Microsoft’s Grand Tablet Designs (Take Two)

Poor old Microsoft (s msft). You can’t blame them for trying, can you? Back at the start of the decade it gave us its vision for tablet computing in the form of Windows XP Tablet Edition and (via its OEM friends) a series of bulky, underpowered, overly-expensive machines.

Courier Tablet
Now they’re at it again, according to leaked prototype designs published yesterday by Gizmodo. The plans describe a machine codenamed Courier, a remarkable concept device that sports dual seven inch gatefold screens, touch-input and stylus-input support, wireless capabilities and a whole lot of awesome to boot.
Gizmodo say it’s not a tablet, it’s a booklet. They add that it started life as a skunkworks project few in Microsoft even knew about, but is now “…a real device, and we’ve heard that it’s in the ‘late prototype’ stage of development.”
Right now everyone is working on a tablet device of one kind or another. The horribly-named and equally-horribly-styled JournE Touch prototype was recently showcased by Toshiba; Arrington’s been talking-up the CrunchPad for what seems like forever, and as we all know, Apple is perhaps maybe possibly (absolutely definitely) working on its very own MacTab.
Poor old Microsoft must feel a little like “Woah! Dude! Didn’t we do this already?”
Despite the ambivalence of consumers, Bill Gates was always dedicated to the Tablet concept, and, I gotta admit, so was I. In 2003 I got my hands on my first very own teeny-tiny Acer hybrid Tablet PC. It was great. A ten inch screen with two pens, digital ink technology, wireless connectivity and — at least for the first few months anyway — decent battery life. There was no internal optical drive but it really didn’t matter, I didn’t miss it (and, as it turns out, getting along without an optical drive was early training for living with my MacBook Air!).
Sadly, the poor little Tablet PC was painfully underpowered. Even with a gigabyte of memory (which, for the time, was an awful lot of RAM for a notebook device!) it was glacier slow. Also, I was constantly worried that the hand-held, ultra-mobile nature of the device would be bad news for its 2.5 inch traditional spinning-plate hard drive; after all, solid state discs were but a rich madman’s dream back then. (As it happens, it did eventually spell doom for the HDD which bravely clung to life until 2006 when it finally clicked its last.)
Fundamentally, Microsoft was right about its vision for tablet computing, but — predictably — got the execution all wrong. For a software publisher famous for developing new platforms at the drop of a hat (I’m still struggling to understand Azure) the boys and girls in Redmond made the bewildering decision to use a modified version of Windows XP as its Tablet OS of choice. And it was unsurprisingly terrible; after all, Windows XP was designed with the desktop computing paradigm in mind. Its designers expected end users to click away with the humble mouse — not wield a pen.
If you ever tried using a Tablet PC on-the-go you’ll know what I mean; hitting those tiny buttons and icons with a fiddly stylus as you cradled an expensive slate in one arm while trying to write with the other was not particularly intuitive or fun. Mind you, it looked impressive.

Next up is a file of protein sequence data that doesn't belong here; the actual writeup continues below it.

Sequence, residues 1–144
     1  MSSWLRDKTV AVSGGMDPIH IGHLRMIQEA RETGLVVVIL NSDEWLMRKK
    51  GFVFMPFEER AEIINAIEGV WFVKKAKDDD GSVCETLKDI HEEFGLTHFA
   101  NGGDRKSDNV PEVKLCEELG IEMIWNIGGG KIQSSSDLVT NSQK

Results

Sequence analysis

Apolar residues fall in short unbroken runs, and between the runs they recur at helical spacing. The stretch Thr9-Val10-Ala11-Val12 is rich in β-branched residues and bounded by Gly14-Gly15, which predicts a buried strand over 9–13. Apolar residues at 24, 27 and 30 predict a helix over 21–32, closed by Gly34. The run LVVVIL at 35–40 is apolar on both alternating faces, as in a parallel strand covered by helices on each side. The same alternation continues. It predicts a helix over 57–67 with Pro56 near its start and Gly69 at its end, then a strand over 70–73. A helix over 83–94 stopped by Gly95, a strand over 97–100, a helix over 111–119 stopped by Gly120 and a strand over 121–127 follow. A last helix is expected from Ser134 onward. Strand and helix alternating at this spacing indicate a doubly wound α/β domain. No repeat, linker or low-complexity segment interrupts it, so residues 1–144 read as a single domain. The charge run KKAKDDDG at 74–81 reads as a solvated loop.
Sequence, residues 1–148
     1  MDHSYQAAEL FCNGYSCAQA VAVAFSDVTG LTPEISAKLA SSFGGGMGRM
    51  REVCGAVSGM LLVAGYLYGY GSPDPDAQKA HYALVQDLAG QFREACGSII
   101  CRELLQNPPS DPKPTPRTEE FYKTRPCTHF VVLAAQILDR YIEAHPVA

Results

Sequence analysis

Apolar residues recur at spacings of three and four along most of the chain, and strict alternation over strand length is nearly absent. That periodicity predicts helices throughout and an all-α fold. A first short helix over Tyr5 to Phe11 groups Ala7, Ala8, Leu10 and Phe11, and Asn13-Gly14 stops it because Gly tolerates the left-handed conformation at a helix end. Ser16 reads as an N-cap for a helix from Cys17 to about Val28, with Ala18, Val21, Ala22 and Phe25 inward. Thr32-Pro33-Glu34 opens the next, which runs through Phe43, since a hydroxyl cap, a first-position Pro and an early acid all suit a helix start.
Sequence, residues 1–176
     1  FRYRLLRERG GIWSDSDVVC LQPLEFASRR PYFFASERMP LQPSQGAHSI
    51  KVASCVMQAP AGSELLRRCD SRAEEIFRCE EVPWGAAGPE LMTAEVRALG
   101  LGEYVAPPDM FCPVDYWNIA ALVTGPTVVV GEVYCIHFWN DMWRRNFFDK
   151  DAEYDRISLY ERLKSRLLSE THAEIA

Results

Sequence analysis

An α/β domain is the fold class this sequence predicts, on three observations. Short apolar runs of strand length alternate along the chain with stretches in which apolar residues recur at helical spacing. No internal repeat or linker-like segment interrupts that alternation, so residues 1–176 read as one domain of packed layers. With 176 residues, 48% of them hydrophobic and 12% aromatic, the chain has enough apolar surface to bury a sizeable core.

I think Microsoft’s vision was simply too far removed from the reality of the hardware ecosystem at that time. Tablet PC’s simply weren’t powerful enough, didn’t offer the right storage solutions and couldn’t even stay powered-up for long enough to do anything particularly meaningful.

Learning From Other’s Mistakes

Apple watched where things failed for Microsoft and learned from their shortfalls. The iPhone and iPod Touch benefit from an operating system and user interface designed specifically with touch-control in mind. The hardware is thin and light, there are no spinning discs and, crucially, power consumption, while occasionally mucked-up by inadequately tested firmware, offers hours of reliable, productive use.
The phenomenal success of the iPhone OS proves that — just as Bill Gates believed — there is a huge market for tablet computing. Had the original Tablet PCs not been so insanely expensive they might have enjoyed higher adoption rates than the five or six people who eventually bought one. (I know I bought two. I expect Paul Thurrott bought the others.)
Microsoft has a long, rich history of developing amazing new technologies and showing them off in super-awesome demonstrations at packed conventions only to, ultimately, fail to bring them to market in the same awesome form. The original Zune wasn’t so bad, but Microsoft hobbled its potential by limiting its availability (a mistake it’s still making with the Zune HD). Microsoft Surface was another cool technology that should have been developed into super-cool new products… but today can only be found in a few hotel lobbies and, it turns out, a branch of Barclays Bank in Piccadilly Circus. (I’ve been there; they have a few Surface tables, usually not switched on, upstairs where no customers ever see them. Effective use of new technology, right?)
So what of Courier? Well, I expect Microsoft has built a great prototype. It will likely go to CES and demonstrate a fantastic “new” touch-based platform (no doubt some derivative of Windows 7) and it will get acres of column inches from breathless tech journalists who won’t waste a second branding it the Apple Tablet Killer.
But, in the end, it will do what it always does; it will leave it to its hardware partners to decide whether it’s a technology it wants to produce. And you know, some of those OEM’s might, tentatively, knock-out a few machines that will be both massively expensive and so deeply-flawed only the most ardent early adopters will buy them. (So that’ll be me and Thurrott again, I suppose.)
In the meantime, Apple will dominate with a killer tablet that will prove to Microsoft, yet again, execution really isn’t its strong suit.